“The Public Spaces Legacy Program is like a game show which no one can lose,” said member for Northern Tablelands, Adam Marshall. “All these councils have to do is show the Department of Planning how they will accelerate important local projects, improve assessment timeframes and then deliver, and its pay day for their communities.”
“This is the time for councils to instigate positive change for their communities, by not only cutting red tape but delivering parks and public places which make their towns and villages more liveable for residents. Every job created by speeding up the development process is a win in a rural town during this difficult period, and so really there is no losing with this scheme.”
Councils which adopt a Local Acceleration Program have between 1 September 2020 and 30 June 2021 to improve their activity. Further information about the NSW Public Spaces Legacy Program is available on the NSW Department of Planning, Industry and Environment website.
Featured Grants and Funding Opportunities
To help businesses and individuals affected by Coronavirus (COVID-19) access the available assistance we have created a dedicated Coronavirus Assistance page on our website. This page will be updated as details become available on the recently announced economic stimulus packages from the Australian and NSW Governments.
There is also wide range of assistance available for individuals, businesses and communities that have been affected by the ongoing drought and the recent bushfires. To help you access this support, we have created dedicated Drought Assistance and Bushfire Assistance pages on our website which are being updated reguarly.
Below are some featured grants and funding opportunities from the multitude of open grants listed in the Grants and Funding Opportunities area of our website. Our website is updated weekly with new listings and updates and all are applicable to our region, so it is a great resource if you are looking for funding for a specific project.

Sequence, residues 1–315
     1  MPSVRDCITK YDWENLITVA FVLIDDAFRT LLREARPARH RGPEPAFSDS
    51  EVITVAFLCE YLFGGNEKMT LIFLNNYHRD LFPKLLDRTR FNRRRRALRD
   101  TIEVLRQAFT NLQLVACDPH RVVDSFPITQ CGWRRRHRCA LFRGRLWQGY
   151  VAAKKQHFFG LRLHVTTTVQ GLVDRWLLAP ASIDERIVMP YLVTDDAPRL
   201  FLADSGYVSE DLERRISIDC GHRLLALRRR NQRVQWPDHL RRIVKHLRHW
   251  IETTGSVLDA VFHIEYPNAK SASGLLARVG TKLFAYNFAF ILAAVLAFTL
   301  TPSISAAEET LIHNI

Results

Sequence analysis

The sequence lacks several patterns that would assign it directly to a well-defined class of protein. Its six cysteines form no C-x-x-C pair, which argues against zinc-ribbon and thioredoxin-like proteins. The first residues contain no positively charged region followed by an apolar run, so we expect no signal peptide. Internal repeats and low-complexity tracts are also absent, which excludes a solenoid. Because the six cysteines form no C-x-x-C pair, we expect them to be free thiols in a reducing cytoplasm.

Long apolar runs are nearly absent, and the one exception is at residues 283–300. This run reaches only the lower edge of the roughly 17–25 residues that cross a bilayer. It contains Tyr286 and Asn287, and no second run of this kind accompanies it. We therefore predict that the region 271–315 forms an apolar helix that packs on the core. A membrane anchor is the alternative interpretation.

You can also sign up to our Business and Infrastructure Funding Opportunities and the Community Grants and Award Programs newsletters through the simple form located on the left-hand side of our website: www.rdani.org.au, to receive monthly summaries of currently open grants.
Business Research and Innovation Initiative Pilot Priority Sectors
Closes: 10th of September 2020
Value: Up to $100,000
Run By: Australian Department of Industry, Science, Energy and Resources
This program provides small to medium sized enterprises (SMEs) with grant funding to develop innovative solutions for government policy and service delivery challenges. The program covers up to five challenges each round for which SMEs can develop solutions.
The objective of the program is to drive innovation within small to medium sized enterprises (SMEs) and government by encouraging the development of innovative solutions by SMEs to public policy and service delivery challenges.
The five challenges for this round are:
Revolutionising agricultural spray applications
Turning farm crops into a renewable hydrogen source
Turning office trash into energy treasure
Counting fish using advanced technologies
Automating the detection of whales at sea
Quality Learning Environments Program
Closes: 25th of September 2020
Value: Up to $15,000
Run By: NSW Department of Education
The QLE program allows not-for-profit community preschools (centre based and mobile) and not-for-profit long day cares to apply for grants of up to $15,000 (ex GST). Grants can be used to purchase resources and activities which improve physical or educational learning environments. This may include quality improvement initiatives to meet the needs of services impacted by bushfire and recent severe weather events or other emergency situations such as COVID-19.
Improvements to physical learning environments can include the completion of minor capital works and investment in infrastructure items. Improvements to the educational learning environment can include specialised educational programs and activities.
Applications must demonstrate a link between proposed resources and activities and the service’s identified areas for improvement, outlined in their Self-Assessment documentation or Quality Improvement Plan.
Homelessness, Health, and Housing Grants
Closes: 30th of September 2020
Run By: The James Frizelle Charitable Foundation
The James Frizelle Charitable Foundation has been established to support those who have contributed to our great country but may have unfortunately through no fault of their own, fallen on hard times and can no longer speak for themselves. The foundation wishes to assist them to get their life back on track and restore their dignity by working with other eligible charities who have the necessary expertise and human resources but need financial support.
The foundation has multiple grant streams currently open:
Community Health Grants
Domestic Violence Grants
Housing and Accommodation Grants
Mental Health Grants
Natural Disasters Grants